The threat of bankruptcy is one of the more daunting parts of running a business, but all companies must prepare for such a contingency and determine how intellectual property management strategies could be affected if they or a business partner fall on hard times.
"It is common for debtors to seek authority to sell assets or seek determination on key business issues on an expedited basis such that parties-in-interest may have only a matter of days or weeks to respond," noted attorney John La Liberte in a recent guest column for Corporate Counsel. "In short, bankruptcy can be a minefield for the uninitiated."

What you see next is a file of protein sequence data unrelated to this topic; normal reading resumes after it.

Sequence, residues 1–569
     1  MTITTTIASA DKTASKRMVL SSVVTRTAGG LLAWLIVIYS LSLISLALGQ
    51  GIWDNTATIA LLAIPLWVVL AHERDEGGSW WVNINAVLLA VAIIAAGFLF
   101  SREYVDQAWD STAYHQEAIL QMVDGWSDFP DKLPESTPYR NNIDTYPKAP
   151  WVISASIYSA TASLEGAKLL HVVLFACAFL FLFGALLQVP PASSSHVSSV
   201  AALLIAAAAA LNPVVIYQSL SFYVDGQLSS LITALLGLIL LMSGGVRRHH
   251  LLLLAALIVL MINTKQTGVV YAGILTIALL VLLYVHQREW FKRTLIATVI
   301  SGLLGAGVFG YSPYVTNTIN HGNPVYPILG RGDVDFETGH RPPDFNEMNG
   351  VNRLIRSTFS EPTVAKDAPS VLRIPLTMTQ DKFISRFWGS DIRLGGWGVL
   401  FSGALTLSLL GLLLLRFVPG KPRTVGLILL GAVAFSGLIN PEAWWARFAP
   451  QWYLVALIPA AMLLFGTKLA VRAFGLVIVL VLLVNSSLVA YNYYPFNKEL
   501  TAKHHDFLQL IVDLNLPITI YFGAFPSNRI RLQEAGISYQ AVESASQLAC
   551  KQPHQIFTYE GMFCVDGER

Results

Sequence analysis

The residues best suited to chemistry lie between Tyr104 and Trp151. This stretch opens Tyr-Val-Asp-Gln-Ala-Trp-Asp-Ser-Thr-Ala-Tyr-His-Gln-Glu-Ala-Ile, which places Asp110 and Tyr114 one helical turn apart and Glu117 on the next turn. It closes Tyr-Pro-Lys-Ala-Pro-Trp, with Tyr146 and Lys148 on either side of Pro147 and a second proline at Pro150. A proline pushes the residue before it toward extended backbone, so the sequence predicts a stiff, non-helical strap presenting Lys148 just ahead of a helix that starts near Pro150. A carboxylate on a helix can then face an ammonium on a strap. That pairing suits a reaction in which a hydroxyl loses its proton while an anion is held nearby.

This is of particular interest to patent holders and intellectual property licensors engaged in ongoing business relations with a debtor that is contemplating a liquidation of its assets. According to La Liberte, joint ownership claims can be especially thorny, as a bankrupt business partner may sell away its rights to a third party and threaten the interests of the original owner if it is slow to respond.
As Eastman Kodak continues to plot its course through bankruptcy proceedings, its intellectual property portfolio has been a primary topic of conversation. According to Reuters, the company recently took advantage of bankruptcy law provisions to abandon its naming rights to the Kodak Theater in Hollywood, a 20-year agreement originally worth $74 million when signed in 2000. Company officials contend that a continued liquidation of its intellectual assets may be the only way to turn Kodak's fortunes.